The biggest reason, of course, is that we don’t really know that kids are all that safe from the effects of the coronavirus. Sen. Rand Paul (R-Ky.) recently quoted an article that put the COVID-19 death rate for children and adults under 25 at a relatively miniscule 1 in 1.25 million. While it’s true that young children are not packing the ICUs at the same rate as older people, doctors are reporting cases in which previously healthy young children are experiencing fever, nausea, and rashes — signs of a delayed immune response to the virus. The number of cases appears to be relatively small, in the hundreds so far, but several children have died. The syndrome has also started showing up in young adults. Until and unless we better understand why some children are getting sick while others are not, caution is warranted.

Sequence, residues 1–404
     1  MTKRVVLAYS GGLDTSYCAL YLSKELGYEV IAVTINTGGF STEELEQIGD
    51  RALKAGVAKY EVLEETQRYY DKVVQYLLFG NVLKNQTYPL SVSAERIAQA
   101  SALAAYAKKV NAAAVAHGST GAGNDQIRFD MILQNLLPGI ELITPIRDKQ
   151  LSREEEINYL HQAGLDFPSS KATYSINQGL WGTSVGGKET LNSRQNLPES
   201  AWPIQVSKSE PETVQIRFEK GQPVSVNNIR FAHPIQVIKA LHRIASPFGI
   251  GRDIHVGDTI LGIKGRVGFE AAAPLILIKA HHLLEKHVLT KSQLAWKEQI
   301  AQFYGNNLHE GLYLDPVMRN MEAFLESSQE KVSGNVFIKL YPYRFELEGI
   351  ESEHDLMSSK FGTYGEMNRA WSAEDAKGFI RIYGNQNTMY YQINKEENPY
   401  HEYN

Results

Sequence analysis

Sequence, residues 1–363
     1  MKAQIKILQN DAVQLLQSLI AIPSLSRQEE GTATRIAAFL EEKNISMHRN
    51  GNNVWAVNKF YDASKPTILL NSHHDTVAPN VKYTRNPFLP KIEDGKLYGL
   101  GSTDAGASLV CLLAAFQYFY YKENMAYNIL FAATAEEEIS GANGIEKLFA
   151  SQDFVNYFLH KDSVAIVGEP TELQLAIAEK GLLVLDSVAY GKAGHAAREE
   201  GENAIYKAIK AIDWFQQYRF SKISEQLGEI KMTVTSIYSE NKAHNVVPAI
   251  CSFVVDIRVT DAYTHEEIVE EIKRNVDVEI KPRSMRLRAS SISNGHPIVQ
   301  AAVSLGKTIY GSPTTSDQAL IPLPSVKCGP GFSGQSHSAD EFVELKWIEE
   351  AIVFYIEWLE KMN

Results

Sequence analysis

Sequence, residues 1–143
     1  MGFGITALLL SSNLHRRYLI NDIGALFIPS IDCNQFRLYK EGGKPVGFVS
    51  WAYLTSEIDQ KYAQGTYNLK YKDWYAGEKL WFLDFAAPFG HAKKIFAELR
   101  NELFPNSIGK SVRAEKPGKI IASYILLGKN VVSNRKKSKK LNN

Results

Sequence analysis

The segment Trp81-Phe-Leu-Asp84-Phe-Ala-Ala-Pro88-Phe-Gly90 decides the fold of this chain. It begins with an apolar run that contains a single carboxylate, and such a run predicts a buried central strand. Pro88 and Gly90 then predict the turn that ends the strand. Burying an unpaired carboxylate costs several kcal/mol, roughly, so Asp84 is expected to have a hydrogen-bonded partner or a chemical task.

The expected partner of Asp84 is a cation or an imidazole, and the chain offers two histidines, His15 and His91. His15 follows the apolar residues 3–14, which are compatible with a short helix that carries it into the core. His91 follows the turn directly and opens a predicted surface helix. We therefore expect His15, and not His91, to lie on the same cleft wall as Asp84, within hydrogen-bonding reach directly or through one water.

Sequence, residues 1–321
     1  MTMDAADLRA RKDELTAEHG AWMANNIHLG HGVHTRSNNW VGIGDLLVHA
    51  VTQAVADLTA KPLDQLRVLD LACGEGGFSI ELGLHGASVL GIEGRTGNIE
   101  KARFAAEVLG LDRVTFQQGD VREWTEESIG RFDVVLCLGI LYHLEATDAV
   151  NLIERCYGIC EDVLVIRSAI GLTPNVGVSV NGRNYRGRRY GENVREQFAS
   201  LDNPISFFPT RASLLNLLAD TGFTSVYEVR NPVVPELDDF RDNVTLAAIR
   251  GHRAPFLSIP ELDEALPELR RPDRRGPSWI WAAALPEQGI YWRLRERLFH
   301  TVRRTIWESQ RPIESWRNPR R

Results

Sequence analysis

Even if the death rate for children really is low, mortality rates should not be the only measure by which we judge the effects of COVID-19 on individuals, including young children. There are other medium- and long-term effects: The U.K. National Health Service has estimated 45 percent of hospitalized coronavirus patients will need ongoing medical care, even if they survive the virus. Another 1 percent are expected to require permanent care. These are people who don’t show up in the death statistics, but whose lives and livelihoods will be greatly altered. And we still don’t know what the long-term effects might be on children who contract the virus.